He turned-spurred from the thicket, and saw the Paynim foe emerging through the glen, line after line of man and horse; each Moor leading his slight and fiery steed by the bridle, and leaping on it as he issued from the wood into the plain. Cased in complete mail, his visor down, his lance in its rest, Villena (accompanied by such of his knights as could disentangle themselves from the Moorish foot) charged upon the foe. A moment of fierce shock passed: on the ground lay many a Moor, pierced through by the Christian lance; and on the other side of the foe was heard the voice of Villena–“St. Jago to the rescue!” But the brave marquess stood almost alone, save his faithful chamberlain, Solier. Several of his knights were dismounted, and swarms of Moors, with lifted knives, gathered round them as they lay, searching for the joints of the armour, which might admit a mortal wound. Gradually, one by one, many of Villena’s comrades joined their leader, and now the green mantle of Don Alonzo de Pacheco was seen waving without the copse, and Villena congratulated himself on the safety of his brother. Just at that moment, a Moorish cavalier spurred from his troop, and met Pacheco in full career. The Moor was not clad, as was the common custom of the Paynim nobles, in the heavy Christian armour. He wore the light flexile mail of the ancient heroes of Araby or Fez. His turban, which was protected by chains of the finest steel interwoven with the folds, was of the most dazzling white–white, also, were his tunic and short mantle; on his left arm hung a short circular shield, in his right hand was poised a long and slender lance. As this Moor, mounted on a charger in whose raven hue not a white hair could be detected, dashed forward against Pacheco, both Christian and Moor breathed hard, and remained passive. Either nation felt it as a sacrilege to thwart the encounter of champions so renowned.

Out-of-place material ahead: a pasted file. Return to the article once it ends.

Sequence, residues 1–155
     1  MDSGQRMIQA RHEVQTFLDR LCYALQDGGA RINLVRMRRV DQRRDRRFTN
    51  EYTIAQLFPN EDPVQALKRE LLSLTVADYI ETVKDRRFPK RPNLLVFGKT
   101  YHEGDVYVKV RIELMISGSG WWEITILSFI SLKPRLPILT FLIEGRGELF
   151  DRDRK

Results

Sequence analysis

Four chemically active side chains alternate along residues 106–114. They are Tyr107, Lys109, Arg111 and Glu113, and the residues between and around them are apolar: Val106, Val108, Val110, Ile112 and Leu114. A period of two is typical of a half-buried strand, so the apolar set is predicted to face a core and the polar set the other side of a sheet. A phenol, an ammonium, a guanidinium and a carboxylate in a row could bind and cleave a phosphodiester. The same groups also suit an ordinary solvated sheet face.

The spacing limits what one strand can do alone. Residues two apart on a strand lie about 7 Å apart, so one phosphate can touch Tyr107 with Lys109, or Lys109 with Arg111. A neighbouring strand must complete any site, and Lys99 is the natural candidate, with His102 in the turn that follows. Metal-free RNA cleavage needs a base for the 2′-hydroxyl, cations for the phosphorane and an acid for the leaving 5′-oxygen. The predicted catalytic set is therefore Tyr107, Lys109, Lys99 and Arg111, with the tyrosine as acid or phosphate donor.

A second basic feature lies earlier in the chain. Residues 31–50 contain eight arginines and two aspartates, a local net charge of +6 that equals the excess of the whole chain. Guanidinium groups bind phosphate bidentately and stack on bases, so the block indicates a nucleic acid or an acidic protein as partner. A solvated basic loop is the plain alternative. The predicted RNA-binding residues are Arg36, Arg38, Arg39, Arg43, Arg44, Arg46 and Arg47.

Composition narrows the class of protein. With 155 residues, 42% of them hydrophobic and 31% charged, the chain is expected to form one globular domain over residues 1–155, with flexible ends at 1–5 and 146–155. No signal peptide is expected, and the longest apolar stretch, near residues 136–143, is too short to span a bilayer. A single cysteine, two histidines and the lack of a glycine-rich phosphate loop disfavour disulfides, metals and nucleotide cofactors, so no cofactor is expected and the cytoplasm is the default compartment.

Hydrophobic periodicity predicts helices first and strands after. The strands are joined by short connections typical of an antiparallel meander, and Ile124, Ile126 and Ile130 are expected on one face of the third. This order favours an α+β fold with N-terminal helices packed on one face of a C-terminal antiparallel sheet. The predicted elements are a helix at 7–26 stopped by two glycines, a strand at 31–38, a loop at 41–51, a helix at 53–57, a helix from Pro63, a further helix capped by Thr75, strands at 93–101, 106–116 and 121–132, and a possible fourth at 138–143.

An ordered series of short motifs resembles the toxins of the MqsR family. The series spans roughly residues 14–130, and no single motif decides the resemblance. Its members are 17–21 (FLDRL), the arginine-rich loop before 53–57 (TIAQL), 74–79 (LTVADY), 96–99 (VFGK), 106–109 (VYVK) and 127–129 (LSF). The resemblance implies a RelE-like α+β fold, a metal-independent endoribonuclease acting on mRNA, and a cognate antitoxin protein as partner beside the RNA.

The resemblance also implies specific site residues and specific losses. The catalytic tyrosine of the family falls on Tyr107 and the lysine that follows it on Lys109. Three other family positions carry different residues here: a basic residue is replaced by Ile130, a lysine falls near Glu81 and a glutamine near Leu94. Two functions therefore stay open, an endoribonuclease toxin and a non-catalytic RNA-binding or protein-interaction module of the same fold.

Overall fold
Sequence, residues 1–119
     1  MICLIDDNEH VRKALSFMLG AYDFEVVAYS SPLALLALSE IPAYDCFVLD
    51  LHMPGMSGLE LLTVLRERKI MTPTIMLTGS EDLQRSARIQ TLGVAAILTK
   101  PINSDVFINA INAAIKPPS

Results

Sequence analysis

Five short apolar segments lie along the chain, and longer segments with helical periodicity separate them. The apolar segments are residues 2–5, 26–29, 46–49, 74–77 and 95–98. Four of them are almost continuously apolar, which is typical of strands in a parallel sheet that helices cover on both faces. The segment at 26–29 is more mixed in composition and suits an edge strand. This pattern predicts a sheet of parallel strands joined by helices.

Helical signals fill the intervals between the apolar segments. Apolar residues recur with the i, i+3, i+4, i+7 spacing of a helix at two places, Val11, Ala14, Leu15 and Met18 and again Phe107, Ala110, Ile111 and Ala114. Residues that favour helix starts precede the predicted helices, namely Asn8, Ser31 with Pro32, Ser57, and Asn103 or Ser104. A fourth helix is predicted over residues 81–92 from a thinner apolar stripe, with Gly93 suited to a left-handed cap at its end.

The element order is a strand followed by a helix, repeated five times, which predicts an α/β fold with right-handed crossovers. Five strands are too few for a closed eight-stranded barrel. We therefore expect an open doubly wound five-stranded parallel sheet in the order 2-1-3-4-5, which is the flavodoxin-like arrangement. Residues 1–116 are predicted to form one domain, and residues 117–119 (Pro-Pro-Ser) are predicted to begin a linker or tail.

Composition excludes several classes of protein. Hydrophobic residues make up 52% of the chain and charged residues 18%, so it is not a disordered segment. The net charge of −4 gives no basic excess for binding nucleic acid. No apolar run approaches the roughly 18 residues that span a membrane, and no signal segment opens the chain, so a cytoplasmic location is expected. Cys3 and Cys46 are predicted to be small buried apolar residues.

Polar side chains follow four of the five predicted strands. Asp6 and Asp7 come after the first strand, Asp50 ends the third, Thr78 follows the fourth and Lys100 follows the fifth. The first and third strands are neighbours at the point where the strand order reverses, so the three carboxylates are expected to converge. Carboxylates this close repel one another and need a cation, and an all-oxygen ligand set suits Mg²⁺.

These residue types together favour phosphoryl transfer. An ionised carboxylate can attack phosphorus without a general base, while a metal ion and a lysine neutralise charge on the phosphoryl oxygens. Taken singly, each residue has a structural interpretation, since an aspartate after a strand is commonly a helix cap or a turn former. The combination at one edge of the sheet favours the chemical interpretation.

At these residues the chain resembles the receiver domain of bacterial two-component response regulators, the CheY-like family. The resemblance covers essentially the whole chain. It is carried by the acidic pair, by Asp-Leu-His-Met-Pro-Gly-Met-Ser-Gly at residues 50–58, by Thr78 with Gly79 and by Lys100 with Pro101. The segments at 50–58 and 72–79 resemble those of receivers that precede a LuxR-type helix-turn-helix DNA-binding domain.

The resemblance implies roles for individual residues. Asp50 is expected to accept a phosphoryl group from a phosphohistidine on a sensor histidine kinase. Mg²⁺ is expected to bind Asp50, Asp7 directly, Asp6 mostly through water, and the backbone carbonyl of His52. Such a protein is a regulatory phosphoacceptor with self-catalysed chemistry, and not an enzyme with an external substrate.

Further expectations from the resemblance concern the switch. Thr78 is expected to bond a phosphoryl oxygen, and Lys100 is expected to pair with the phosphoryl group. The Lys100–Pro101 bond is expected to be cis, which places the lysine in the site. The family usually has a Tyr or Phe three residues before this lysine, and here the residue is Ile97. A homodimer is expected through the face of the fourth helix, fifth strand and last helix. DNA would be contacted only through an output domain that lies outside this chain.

“God save my brave brother!” muttered Villena, anxiously. “Amen,” said those around him; for all who had ever witnessed the wildest valour in that war, trembled as they recognised the dazzling robe and coal-black charger of Muza Ben Abil Gazan. Nor was that renowned infidel mated with an unworthy foe. “Pride of the tournament, and terror of the war,” was the favourite title which the knights and ladies of Castile had bestowed on Don Alonzo de Pacheco.